Watch the performance that transformed a flamenco naysayer into a fan in this visual video travel story by writer-photographer Paul Ross.
I love Sunday mornings. Often I wake to the smell of coffee and know that the New York Times awaits me on the dining room table, but these enticements don’t get me out of bed. I rise to dance the samba. For no matter what the weather is in Berkeley, California for one hour, I am transported to a warm Brazilian sandy beach, a Carnaval parade line moving in unison, or a spontaneous Latin street party.
At 11:00 in the morning I take my place in Elisita’s Afro-Brazilian dance class at the downtown Berkeley YMCA. I rush to get my spot in the dance studio — behind and slightly left of her so I can watch Elisita’s every move. It’s in the second row so that, thankfully, someone blocks my view of the mirror. I am not fond of mirrors in general, and even less so when I wear spandex and no makeup.
I take off my gym shoes. My bare feet, liberated, feel the hardwood floor give as I step from side-to-side. I stretch while waiting for the music to start. I dance to escape my daily concerns and leave my worries behind. I dance rather than remain at home writing. If I arrive at class stressed or frantic, I won’t feel that way when I leave.
story and photos by Paul Ross
“I would do anything for love, but I won’t
dance, don’t ask me.”
-Meatloaf & Fred Astaire
I’m an American baby boomer who doesn’t dance. It was an awkward social activity for a lot of guys in my generation and the excuse for not doing so was that I was always playing in bands –for other people’s dancing. The story is plausible because it’s partly true. But, somehow, there I was, salsa’ing mi cola off at midnight in Medellin, Colombia.
HOW DID THIS HAPPEN?
Arriving in the capital city, Bogota, in search of stories with my wife and travel partner Judie, Chef Sofia Samper whisked us like compliant egg whites off to a large local market. There she shopped for select delicacies to be incorporated into a custom lunch at her cooking school/restaurant. Music thumped in the background throughout the marketplace.
During the subsequent lesson in Colombian cuisine at trendy Casa 95, Chef Sofia danced around her kitchen to an infectious Latin beat. And I began tapping my toe.
by Nancy King
The Martha Graham School of Dance was in an old mansion on East 63rd street between 2nd and 3rd avenues in New York City. Walking into the building was like entering the temple of a high priestess whose devotees all looked alike—the men, gorgeous, tall, well built, strutting around in tights so revealing I blushed each time I tried not to look. The women, tall, thin, yet muscular, their long dark hair pulled into buns or twists, not a hair daring to disturb the sleek coiffures.
Although the bus ride to the school was long, the distance I traveled meant leaving a world I sort of knew how to manage for one filled with unexpected challenges, where I could be unceremoniously discarded, not fit for living, dumped onto a pile of rejects. When I found the courage to speak, it felt like a shout but was probably barely a whisper. “I’m here to register for the Beginning Graham Technique Class,” I said to the young woman, whose jet black hair was pulled into a painfully tight chignon, her cheekbones jutting out from her sculptured face, her dark eyes rimmed with black, the red of her lipstick looking like a bloody wound. She was too busy flexing her arches to pay attention to me, but I wasn’t about to let anyone keep me from the class. “I’m here to register for Beginning Graham.”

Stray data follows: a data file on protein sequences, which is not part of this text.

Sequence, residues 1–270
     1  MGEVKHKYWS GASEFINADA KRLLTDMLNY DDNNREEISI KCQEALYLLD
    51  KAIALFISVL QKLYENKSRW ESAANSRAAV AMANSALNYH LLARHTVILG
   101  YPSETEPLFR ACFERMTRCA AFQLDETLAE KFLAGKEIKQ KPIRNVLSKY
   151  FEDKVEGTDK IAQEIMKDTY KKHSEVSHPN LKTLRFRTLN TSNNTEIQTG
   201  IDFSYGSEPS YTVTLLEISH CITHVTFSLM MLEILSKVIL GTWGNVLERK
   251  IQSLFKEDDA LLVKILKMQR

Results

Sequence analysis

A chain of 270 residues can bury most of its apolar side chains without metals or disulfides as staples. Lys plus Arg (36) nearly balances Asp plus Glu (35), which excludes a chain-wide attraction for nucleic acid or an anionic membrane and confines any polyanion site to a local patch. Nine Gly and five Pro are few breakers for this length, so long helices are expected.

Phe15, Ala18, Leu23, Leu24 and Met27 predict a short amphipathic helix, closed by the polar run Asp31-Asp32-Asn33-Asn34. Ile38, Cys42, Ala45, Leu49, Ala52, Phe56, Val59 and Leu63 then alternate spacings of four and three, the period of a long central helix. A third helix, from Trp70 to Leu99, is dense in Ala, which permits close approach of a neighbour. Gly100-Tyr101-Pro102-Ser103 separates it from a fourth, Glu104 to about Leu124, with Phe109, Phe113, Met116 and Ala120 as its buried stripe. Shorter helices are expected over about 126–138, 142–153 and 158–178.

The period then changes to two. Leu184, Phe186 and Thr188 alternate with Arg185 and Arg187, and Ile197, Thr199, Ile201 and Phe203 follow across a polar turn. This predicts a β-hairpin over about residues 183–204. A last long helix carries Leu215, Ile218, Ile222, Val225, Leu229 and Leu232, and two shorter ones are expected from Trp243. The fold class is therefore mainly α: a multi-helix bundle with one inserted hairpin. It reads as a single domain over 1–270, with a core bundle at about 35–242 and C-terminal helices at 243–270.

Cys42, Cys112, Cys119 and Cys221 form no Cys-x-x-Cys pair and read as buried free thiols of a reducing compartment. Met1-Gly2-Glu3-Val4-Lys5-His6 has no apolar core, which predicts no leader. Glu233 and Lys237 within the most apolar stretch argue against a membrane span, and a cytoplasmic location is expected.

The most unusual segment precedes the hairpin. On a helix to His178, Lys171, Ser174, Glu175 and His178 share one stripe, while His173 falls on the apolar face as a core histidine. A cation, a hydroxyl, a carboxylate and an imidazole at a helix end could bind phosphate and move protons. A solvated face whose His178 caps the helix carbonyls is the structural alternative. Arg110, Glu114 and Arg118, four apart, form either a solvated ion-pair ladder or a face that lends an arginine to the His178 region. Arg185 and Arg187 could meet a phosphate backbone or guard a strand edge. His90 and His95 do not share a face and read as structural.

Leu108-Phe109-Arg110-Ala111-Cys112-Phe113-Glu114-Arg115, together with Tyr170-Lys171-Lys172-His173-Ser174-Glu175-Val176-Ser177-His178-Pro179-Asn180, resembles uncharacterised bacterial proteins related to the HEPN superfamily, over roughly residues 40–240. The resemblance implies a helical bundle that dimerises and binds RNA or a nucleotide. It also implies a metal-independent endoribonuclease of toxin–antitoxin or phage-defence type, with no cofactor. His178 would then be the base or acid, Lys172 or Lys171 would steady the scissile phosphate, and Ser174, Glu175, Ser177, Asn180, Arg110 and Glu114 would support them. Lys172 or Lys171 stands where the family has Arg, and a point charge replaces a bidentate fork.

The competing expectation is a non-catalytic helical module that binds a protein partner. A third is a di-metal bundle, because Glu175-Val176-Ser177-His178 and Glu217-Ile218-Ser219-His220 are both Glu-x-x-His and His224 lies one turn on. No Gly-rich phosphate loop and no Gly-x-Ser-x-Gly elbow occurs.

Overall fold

“Name, please.” I told her. She deigned to look it up on a clipboard on her desk. “Right. Advanced class—meets at 5:30. Be here no later than 5:15, dressed, warmed up, ready to begin promptly. Martha doesn’t tolerate latecomers.
“Martha? Me? Advanced class? There’s been a mistake!
by Judith Fein
When I travel, one of my guilty pleasures is attending master classes. Sometimes I’ll catch an artist who can change young painters’ lives with the flick of a brush. Other times a famous violinist will teach a technically proficient young musician how to bow with more passion, and the latter’s playing transforms before my eyes. This past weekend, there was a master class in my hometown and I dropped everything to attend.
Photo Slide Show by Paul Ross
If there is a dancer with larger shoulders, bigger blue eyes and a closer tie to Bob Fosse, I don’t know who she is. Ann Reinking was in Santa Fe, teaching a master class to excited teens and helping to stir up interest in the New Mexico School for the Performing Arts, which will open in Fall 2010. At one moment, I thought I felt a strange breeze blowing through the Dance Barn where the class took place. It was probably the spirit of Fosse himself, conjured by his illustrious star and ex-partner.
Reinking’s best-known performances include Goodbye Charly, Dancin’, Chicago, A Chorus Line, Sweet Charity and, of course, All That Jazz, which was a fictionalized account of her relationship with the brilliant, chain-smoking, overworked, burned-out, womanizing Fosse. If you haven’t seen the latter, stop reading and go rent the DVD or place your order with Netflix.